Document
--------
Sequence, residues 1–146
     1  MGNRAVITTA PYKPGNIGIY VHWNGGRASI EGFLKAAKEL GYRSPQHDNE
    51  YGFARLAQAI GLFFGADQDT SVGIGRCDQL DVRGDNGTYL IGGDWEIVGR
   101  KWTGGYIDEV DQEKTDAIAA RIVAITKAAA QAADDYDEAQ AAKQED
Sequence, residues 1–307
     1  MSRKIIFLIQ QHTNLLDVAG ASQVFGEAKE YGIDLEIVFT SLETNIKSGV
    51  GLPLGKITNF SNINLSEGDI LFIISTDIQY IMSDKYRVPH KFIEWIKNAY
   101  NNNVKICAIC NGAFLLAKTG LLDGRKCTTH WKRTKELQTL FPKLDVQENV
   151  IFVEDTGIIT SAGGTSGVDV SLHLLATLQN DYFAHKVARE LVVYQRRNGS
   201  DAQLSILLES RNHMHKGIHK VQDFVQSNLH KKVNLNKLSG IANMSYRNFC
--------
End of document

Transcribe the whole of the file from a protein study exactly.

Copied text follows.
Sequence, residues 1–146
     1  MGNRAVITTA PYKPGNIGIY VHWNGGRASI EGFLKAAKEL GYRSPQHDNE
    51  YGFARLAQAI GLFFGADQDT SVGIGRCDQL DVRGDNGTYL IGGDWEIVGR
   101  KWTGGYIDEV DQEKTDAIAA RIVAITKAAA QAADDYDEAQ AAKQED
Sequence, residues 1–307
     1  MSRKIIFLIQ QHTNLLDVAG ASQVFGEAKE YGIDLEIVFT SLETNIKSGV
    51  GLPLGKITNF SNINLSEGDI LFIISTDIQY IMSDKYRVPH KFIEWIKNAY
   101  NNNVKICAIC NGAFLLAKTG LLDGRKCTTH WKRTKELQTL FPKLDVQENV
   151  IFVEDTGIIT SAGGTSGVDV SLHLLATLQN DYFAHKVARE LVVYQRRNGS
   201  DAQLSILLES RNHMHKGIHK VQDFVQSNLH KKVNLNKLSG IANMSYRNFC